How to get the records:

The list is roughly in alphabetical order according to surname and contains the following information:

  • Name
  • Census Year
  • Enumeration District (ED) Number
  • ED Description (locality and county)
  • Occupation

5. Statistics of Lutheran Congregation & Statistical Information for the U.S.

These record collection offers limited usefulness because they don’t name people. However, if you have questions about Lutheran ancestors around 1890 or would like more contextual information about the time period, they might be worth a look.

Statistics of Lutheran Congregation reproduces a list of each Lutheran church or local organization compiled by the Census Office from information submitted by officials of the Lutheran officials.

How to find the records:

The National Archives – Contact the National Archives regarding National Archives Microfilm Publication M2073, Statistics of Congregations of Lutheran Synods, 1890 (1 roll).  Records are arranged by synod, then state, then locality.

For each church or local organization, the following information is given in seven columns:
(1) town or city
(2) county
(3) name of organization
(4) number or type of church edifice
(5) seating capacity
(6) value of church property
(7) number of members.

6. Statistical information for the entire United States

Statistical reports were compiled and analyzed by the Census Office after the 1890 census was completed. These massive statistical reports are available in National Archives Microfilm Publication T825, Publications of the Bureau of the Census.

How to find the records:

Google Books – Some of the statistical reports have been digitized and are available for free on Google Books. One of the most interesting is the Report on the Social Statistics of Cities in the United States at the Eleventh Census: 1890.

Best Substitute Records for the 1890 Census

Now that we’ve scoured every inch of available records remaining from the 1890 U.S. Federal Census, it’s time to go on the hunt for substitute records. We’ll be focusing on the best available and easiest to find resources.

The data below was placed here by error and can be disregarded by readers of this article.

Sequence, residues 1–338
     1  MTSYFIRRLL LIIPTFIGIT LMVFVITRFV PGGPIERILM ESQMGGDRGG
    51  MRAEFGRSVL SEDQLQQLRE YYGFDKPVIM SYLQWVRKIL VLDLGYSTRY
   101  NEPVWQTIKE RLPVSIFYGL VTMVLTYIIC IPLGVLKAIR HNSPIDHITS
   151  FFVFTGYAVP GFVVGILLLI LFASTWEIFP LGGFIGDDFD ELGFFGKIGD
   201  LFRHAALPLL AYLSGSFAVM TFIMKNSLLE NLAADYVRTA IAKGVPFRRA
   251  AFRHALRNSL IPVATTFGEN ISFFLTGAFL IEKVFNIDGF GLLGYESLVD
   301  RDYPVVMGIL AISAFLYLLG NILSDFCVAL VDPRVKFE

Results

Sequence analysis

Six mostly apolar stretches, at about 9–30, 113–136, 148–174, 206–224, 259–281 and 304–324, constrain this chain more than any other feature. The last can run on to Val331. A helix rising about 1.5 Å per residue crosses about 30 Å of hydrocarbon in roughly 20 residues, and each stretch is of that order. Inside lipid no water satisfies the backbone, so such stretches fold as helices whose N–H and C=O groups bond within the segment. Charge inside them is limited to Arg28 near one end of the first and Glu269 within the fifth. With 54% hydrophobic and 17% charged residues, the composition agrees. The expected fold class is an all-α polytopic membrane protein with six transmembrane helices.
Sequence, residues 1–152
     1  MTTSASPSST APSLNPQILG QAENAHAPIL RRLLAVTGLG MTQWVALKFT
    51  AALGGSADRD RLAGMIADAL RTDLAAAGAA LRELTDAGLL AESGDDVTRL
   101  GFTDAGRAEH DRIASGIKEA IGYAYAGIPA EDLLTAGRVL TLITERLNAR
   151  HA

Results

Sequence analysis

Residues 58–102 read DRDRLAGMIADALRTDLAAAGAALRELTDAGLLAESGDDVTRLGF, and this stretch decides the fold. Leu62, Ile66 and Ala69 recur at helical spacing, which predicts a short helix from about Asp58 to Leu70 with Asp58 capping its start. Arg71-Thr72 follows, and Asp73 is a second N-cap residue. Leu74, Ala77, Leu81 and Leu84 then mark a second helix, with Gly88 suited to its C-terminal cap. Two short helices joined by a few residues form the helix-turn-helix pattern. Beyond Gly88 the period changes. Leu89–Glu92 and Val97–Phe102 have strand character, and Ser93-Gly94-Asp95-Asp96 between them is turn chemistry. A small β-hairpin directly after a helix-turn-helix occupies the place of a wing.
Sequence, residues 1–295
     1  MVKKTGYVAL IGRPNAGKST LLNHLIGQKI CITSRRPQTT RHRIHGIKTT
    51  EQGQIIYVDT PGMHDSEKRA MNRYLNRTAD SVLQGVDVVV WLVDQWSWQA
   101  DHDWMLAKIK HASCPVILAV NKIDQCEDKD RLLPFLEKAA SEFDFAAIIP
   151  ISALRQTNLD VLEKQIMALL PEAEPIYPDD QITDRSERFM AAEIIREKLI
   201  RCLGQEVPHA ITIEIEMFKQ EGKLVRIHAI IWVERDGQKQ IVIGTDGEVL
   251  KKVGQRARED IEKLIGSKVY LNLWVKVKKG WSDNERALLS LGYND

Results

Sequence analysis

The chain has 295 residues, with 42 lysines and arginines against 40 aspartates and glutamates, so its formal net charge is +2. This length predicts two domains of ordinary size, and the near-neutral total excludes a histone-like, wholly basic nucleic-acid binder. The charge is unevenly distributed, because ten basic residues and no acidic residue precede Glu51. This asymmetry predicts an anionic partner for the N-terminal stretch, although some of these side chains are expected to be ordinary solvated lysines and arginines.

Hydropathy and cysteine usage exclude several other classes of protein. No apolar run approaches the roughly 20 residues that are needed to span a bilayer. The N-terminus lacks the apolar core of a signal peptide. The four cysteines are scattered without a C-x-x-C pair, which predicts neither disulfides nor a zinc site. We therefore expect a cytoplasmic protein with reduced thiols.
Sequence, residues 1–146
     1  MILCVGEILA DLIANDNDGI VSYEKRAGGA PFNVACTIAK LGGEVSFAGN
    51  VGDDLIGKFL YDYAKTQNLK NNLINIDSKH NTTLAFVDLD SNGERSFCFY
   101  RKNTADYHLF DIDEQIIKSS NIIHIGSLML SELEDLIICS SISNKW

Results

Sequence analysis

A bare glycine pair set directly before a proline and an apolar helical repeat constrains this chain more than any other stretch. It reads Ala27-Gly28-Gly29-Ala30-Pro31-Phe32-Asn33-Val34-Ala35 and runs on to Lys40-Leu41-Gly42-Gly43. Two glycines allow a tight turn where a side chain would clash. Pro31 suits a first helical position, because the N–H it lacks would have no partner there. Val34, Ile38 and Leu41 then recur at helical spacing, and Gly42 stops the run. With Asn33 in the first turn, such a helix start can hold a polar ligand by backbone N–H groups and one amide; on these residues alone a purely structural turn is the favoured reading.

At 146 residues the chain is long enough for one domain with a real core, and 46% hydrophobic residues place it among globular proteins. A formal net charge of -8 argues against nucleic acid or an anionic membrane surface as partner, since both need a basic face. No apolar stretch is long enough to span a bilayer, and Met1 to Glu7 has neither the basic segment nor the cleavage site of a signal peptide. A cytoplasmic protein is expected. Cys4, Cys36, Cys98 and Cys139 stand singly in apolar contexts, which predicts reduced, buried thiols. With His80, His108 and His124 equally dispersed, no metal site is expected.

1885 & 1895 State Census Records:

The U.S. federal government was not alone in taking the census. Some states also took their own state census. These were usually conducted in the years between the federal censuses, most commonly on the “5” such as 1875, and 1885. You may find some as far back as 1825 and as recent as 1925, as in the case of the state of New York.

How to find the records:

Look for state census records at state archives, state historical societies, and state libraries. Many are also conveniently searchable online, most commonly at FamilySearch (free) and Ancestry (subscription.)

Arizona, U.S., Territorial Census Records, 1882 (Ancestry)

Kansas 1895 (FamilySearch)

Kansas 1895 (Kansas State Historical Society)

Colorado State Census 1885 (FamilySearch)

Colorado State Census 1885 (Ancestry)

Michigan State Census 1894 (FamilySearch)

Michigan State Census 1894 (Ancestry)

Minnesota State Census 1885 (FamilySearch)

Minnesota State Census 1895 (FamilySearch)

Minnesota Territorial and State Censuses 1849 – 1905 (Ancestry – select year, then county)

Minnesota Territorial Census records from 1849, 1850, 1853, 1855, and 1857 and Minnesota State Census records from 1865, 1875, 1885, 1895 and 1905 (Minnesota Historical Society)

Florida State Census 1885 (FamilySearch)

Florida State Census 1885 (Ancestry)

Iowa State Census, 1885 (FamilySearch)

Iowa State Census, 1885 (Ancestry)

More on the Iowa 1885  and 1895 censuses from the Iowa Data Center

Iowa State Census 1895 (FamilySearch)

Iowa State Census 1895 (Ancestry)

Nebraska State Census 1885 (FamilySearch)

Nebraska State Census 1885 (Ancestry)

New Jersey State Census 1885 (FamilySearch)

New Jersey State Census 1885 (Ancestry

New Jersey State Census 1895 (FamilySearch

New Jersey State Census 1895 (Ancestry)

New York State Census 1892 (FamilySearch)

New York State Census 1892 (Ancestry)

New York City Police Census 1890 (FamilySearch)

New York City Police Census 1890 (Ancestry)

Rhode Island State Census 1885 (FamilySearch)

Rhode Island, U.S., State Censuses, 1865-1935 (Ancestry – Filter by year then county)

Wisconsin State Census, 1885 (FamilySearch)

Wisconsin State Census 1895 (FamilySearch)

Wisconsin, U.S., State Censuses, 1855-1905 (Ancestry)